A new study examines
the impact of MR in ER

Heart scans could cut ER costs

June 28, 2010
by Brendon Nafziger, DOTmed News Associate Editor
A quick MRI scan of the heart could help doctors determine whether a patient complaining of chest pains is suffering from a life-threatening condition, thereby helping reduce costs associated with care, researchers said.

Performing a cardiac MRI stress test on relatively high-risk patients showing up in the ER with chest pains instead of sending the patient immediately for inpatient care saved hospitals almost $600 per patient, the researchers said.

The findings were published online June 24, and are scheduled to appear in a future edition of Annals of Emergency Medicine.

The researchers said millions of patients show up to the hospital complaining of chest ailments while few are actually sick.

"I saw cardiac MRI as a potential solution of a problem of a lot of people getting admitted and undergoing lengthy evaluations, yet only a small portion of those people have disease," lead author Dr. Chadwick D. Miller, an assistant professor of emergency medicine at Wake Forest University Baptist Medical Center, told DOTmed News.

Cardiac MRI scans can help doctors detect lack of blood flow, or ischemia, before problems would be revealed through biomarker tests, Miller said, allowing doctors to better gauge how ill the patient is.

In the study, researchers looked at patients coming to the emergency room who had medium to high risk for serious heart problems, as they were over age 55, had previously suffered a heart attack or showed other coronary risk factors.

Typically, these patients are sent straight away to inpatient rooms, where care can be quite aggressive: according to the researchers, some studies estimate that up to half of these patients receive cardiac catheterization upon admission.

But in the study, conducted at Wake Forest Medical Center, Winston-Salem, N.C. between January 2008 and March 2009, about half of the high-risk patients complaining of chest pains but without other evidence of serious heart problems were randomly assigned to an observation unit, also known as a clinical decision unit. Here, they were tested for biomarkers of heart problems and underwent a stress MRI test, Miller said.

The other half of the patients were sent to inpatient wards, where doctors delivered care as they normally would. In the inpatient wards, the care patterns were usually tests for cardiac markers, echocardiography stress tests and cardiac catheterizations, Miller said.

Using models to estimate differences in costs, the study found that caring for the patients in the MRI group was significantly cheaper, with a median cost of about $2,062 per patient. The inpatient group had a median cost of $2,680 per patient to care for. The researchers estimate the median savings for the MRI group to be around $588.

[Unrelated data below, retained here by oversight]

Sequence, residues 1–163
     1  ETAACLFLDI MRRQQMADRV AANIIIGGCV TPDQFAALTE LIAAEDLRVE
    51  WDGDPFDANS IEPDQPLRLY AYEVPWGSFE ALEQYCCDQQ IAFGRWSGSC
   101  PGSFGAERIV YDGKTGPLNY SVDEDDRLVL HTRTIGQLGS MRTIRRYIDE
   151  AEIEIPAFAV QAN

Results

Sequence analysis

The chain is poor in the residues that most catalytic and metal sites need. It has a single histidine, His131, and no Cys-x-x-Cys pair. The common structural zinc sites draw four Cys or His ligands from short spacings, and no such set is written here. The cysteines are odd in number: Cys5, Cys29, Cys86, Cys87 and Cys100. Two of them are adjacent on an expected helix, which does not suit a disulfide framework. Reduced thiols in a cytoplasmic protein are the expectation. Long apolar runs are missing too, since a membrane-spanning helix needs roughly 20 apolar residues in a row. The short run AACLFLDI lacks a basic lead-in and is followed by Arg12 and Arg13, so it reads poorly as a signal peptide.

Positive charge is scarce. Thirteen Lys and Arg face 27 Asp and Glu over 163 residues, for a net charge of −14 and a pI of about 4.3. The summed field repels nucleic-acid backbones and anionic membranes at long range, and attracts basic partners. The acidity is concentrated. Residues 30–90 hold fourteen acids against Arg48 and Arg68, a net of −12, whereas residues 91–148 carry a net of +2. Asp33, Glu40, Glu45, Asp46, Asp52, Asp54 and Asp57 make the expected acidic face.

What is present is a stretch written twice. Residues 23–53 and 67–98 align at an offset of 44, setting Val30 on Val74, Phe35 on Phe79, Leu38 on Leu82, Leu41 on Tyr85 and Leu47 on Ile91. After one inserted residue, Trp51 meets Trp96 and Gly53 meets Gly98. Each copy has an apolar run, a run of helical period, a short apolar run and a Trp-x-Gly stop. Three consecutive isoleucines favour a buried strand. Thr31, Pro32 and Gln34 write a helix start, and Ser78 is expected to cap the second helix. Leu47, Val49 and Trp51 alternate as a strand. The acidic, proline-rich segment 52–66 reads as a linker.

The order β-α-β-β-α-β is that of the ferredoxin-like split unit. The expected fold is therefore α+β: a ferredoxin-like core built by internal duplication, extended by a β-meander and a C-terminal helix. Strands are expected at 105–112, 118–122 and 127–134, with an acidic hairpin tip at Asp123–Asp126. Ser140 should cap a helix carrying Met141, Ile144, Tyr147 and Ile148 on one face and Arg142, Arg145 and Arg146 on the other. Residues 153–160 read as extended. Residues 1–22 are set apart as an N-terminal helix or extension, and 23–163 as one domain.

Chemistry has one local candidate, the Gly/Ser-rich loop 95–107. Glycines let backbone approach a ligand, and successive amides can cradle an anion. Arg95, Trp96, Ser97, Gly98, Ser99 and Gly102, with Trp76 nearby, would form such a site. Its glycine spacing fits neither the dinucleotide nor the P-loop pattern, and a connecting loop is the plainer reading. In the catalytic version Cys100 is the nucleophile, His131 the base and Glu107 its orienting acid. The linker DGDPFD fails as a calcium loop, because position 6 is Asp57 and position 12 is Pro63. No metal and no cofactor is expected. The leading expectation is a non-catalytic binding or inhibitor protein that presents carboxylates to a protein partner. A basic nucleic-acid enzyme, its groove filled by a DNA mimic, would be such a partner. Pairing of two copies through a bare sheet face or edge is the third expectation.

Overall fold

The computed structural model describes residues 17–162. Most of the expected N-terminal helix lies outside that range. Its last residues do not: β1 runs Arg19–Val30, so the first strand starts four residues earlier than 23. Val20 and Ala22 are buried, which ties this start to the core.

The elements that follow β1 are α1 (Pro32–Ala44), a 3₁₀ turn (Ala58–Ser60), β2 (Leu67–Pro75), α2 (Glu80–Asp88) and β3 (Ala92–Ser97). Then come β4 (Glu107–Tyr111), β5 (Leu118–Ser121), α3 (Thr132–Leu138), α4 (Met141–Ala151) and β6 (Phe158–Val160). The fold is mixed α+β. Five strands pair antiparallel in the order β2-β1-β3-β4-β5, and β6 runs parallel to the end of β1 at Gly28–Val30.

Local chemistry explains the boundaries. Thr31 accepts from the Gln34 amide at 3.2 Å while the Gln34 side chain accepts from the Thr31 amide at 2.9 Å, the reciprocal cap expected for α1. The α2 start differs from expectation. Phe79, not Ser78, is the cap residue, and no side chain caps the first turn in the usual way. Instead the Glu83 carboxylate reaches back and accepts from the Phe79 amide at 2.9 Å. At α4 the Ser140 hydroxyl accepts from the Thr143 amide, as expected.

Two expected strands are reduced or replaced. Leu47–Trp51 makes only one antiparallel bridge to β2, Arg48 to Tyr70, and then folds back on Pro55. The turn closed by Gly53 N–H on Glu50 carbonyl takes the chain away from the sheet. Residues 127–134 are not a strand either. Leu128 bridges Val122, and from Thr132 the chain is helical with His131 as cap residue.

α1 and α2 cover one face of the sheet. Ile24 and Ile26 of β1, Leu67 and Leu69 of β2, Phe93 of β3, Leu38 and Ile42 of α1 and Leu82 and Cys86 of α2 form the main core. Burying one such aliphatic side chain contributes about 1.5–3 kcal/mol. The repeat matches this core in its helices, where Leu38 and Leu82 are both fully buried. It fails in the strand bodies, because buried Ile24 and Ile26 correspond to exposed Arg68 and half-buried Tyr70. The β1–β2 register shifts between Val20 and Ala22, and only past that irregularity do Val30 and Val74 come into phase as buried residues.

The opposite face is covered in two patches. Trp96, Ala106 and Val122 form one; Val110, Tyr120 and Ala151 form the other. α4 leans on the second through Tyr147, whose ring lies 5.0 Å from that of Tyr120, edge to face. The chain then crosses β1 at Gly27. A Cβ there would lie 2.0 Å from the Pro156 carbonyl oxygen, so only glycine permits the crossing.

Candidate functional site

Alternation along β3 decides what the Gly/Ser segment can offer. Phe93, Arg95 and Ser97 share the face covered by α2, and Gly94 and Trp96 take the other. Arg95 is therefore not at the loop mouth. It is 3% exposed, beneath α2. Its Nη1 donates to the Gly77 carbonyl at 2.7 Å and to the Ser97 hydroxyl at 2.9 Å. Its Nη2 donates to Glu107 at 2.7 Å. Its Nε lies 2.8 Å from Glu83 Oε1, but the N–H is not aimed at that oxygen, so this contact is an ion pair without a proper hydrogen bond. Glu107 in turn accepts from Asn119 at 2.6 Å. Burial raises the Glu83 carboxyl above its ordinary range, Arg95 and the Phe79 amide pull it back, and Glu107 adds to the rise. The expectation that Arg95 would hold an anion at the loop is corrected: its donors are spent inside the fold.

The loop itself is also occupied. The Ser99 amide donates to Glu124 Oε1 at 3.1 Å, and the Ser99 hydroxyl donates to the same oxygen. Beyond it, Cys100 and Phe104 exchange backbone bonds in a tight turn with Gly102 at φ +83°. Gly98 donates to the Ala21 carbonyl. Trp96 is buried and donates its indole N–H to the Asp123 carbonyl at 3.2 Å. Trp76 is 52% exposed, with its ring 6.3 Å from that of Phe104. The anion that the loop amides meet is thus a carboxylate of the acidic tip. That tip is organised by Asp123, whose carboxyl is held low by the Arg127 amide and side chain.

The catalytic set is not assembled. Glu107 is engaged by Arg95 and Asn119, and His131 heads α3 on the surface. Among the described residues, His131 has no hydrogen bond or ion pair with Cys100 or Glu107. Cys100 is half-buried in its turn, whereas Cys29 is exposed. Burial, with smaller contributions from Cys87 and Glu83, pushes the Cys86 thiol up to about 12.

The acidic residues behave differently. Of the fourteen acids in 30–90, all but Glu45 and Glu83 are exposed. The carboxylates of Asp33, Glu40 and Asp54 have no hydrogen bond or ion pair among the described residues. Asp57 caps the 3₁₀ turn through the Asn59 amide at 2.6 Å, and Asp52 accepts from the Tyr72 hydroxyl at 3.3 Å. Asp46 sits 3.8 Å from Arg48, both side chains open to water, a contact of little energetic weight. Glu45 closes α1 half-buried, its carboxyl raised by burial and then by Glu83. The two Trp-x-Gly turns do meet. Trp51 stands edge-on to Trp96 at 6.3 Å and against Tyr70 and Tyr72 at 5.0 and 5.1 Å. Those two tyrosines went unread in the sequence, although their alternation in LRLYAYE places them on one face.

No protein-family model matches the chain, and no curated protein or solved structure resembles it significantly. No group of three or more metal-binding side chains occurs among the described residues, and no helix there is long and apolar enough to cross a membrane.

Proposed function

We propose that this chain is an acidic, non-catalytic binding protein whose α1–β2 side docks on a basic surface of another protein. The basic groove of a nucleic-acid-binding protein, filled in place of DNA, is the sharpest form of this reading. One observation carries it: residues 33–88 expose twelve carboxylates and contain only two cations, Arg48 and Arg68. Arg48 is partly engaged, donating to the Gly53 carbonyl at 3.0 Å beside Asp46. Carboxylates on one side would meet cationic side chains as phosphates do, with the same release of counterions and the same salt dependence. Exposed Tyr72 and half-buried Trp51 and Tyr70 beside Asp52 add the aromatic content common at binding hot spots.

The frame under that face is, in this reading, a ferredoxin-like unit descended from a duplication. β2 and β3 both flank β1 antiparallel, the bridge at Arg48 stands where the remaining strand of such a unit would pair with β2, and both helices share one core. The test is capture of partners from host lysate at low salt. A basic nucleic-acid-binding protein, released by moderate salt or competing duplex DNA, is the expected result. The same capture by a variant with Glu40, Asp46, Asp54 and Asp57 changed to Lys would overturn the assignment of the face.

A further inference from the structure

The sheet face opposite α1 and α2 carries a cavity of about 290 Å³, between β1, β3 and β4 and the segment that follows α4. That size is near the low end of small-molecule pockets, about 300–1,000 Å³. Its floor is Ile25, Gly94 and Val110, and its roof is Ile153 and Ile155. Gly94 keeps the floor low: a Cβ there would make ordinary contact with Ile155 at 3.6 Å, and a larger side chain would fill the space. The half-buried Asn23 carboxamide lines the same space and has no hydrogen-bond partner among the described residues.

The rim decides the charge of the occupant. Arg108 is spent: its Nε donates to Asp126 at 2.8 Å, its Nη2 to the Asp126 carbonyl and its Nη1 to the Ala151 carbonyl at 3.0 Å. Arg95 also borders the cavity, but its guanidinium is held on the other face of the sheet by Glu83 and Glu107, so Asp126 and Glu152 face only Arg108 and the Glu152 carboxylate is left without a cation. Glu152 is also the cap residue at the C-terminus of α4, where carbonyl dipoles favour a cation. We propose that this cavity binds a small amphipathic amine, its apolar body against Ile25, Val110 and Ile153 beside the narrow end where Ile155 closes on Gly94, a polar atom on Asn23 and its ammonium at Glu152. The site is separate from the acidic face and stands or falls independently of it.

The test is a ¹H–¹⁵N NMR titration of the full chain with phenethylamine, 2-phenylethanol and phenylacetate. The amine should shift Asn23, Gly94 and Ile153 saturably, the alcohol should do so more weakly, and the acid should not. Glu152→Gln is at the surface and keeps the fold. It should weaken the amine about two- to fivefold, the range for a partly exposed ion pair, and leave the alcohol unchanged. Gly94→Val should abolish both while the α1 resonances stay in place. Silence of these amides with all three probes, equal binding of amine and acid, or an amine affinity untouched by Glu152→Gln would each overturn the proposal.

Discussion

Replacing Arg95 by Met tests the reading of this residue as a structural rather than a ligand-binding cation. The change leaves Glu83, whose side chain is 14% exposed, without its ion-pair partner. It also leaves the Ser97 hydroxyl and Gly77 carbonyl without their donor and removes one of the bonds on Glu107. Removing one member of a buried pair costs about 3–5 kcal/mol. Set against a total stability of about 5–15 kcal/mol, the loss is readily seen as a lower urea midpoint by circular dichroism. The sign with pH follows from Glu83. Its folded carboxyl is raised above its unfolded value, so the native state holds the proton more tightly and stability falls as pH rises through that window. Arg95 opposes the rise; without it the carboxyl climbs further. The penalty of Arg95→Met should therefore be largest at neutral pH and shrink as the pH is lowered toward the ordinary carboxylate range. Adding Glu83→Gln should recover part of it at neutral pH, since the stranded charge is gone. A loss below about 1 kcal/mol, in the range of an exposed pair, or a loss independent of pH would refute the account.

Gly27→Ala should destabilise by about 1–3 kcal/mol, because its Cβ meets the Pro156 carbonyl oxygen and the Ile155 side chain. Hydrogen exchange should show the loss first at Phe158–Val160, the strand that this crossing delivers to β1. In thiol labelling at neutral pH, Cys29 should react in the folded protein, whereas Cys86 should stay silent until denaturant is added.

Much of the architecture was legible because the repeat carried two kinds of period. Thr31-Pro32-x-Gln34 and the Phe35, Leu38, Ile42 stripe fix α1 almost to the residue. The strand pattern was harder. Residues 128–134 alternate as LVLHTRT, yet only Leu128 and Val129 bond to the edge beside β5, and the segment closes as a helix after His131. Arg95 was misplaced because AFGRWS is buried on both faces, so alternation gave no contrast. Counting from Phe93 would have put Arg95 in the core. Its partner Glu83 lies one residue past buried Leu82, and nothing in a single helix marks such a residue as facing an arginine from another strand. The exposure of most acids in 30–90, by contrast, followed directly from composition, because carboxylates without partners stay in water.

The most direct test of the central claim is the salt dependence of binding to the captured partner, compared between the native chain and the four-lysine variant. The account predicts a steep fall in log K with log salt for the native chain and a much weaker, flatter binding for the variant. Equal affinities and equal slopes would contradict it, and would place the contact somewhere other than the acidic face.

When parceling the analysis to deal with sub-groups broken down by age, sex, race, or clinical history, and whether they had serious procedures like revascularizations done, the median savings for the MRI group remained, which saw an increase in median revenue of about $655 per patient.

Importantly, screening the patients in the observation unit wasn't associated with missing serious ailments down the road. No one discharged in any group had a serious heart problem a month after discharge, the researchers said.


So, where did the savings come from? Most appeared to come from savings on inpatient resources, such as nursing time, equipment charges and overhead for the floor, Miller said.

And while numbers of patients getting cardiac catheterization weren't significantly different, patients in the MRI group had slightly shorter hospital stays: about 26 hours, as opposed to the nearly 30 hours for the inpatient group.

Still, it's possibly too early to tell how much money the hospitals really saved. Although patients were randomly selected to be in each group, the patients in the inpatient group appeared, by chance, to have slightly more heart problems.

Of the inpatient group, six of 57 had a serious heart problem, while two out of 53 in the MRI group did.

More important, the study didn't factor in the sometimes immense up-front costs of purchasing and installing a cardiac MRI machine, and paying for staff to operate it.

"If you're looking to support a cardiac MRI just through the patients managed in an observation unit, that would be a tough proposition," Miller said. Although data are sparse, Miller said some estimate a cardiac MRI unit would have to have volumes of 1,500 to 2,000 scans per year -- more than an observation unit would generate.

"An effective cardiac MRI program would have to be integrated with patients coming from other sources other than the observation unit," Miller said.